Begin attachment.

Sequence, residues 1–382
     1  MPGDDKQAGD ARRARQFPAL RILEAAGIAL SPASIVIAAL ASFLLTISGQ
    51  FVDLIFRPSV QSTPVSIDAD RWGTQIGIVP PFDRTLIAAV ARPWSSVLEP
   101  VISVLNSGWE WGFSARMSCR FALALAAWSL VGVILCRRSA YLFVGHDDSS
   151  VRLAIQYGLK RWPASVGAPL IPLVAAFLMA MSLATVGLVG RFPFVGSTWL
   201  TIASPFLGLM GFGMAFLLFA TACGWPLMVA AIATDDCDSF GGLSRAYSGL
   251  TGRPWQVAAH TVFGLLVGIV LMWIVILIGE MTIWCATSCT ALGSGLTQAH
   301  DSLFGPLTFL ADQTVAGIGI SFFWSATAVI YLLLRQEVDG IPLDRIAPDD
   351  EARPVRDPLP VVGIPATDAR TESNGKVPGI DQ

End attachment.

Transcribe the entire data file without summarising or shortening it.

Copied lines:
Sequence, residues 1–382
     1  MPGDDKQAGD ARRARQFPAL RILEAAGIAL SPASIVIAAL ASFLLTISGQ
    51  FVDLIFRPSV QSTPVSIDAD RWGTQIGIVP PFDRTLIAAV ARPWSSVLEP
   101  VISVLNSGWE WGFSARMSCR FALALAAWSL VGVILCRRSA YLFVGHDDSS
   151  VRLAIQYGLK RWPASVGAPL IPLVAAFLMA MSLATVGLVG RFPFVGSTWL
   201  TIASPFLGLM GFGMAFLLFA TACGWPLMVA AIATDDCDSF GGLSRAYSGL
   251  TGRPWQVAAH TVFGLLVGIV LMWIVILIGE MTIWCATSCT ALGSGLTQAH
   301  DSLFGPLTFL ADQTVAGIGI SFFWSATAVI YLLLRQEVDG IPLDRIAPDD
   351  EARPVRDPLP VVGIPATDAR TESNGKVPGI DQ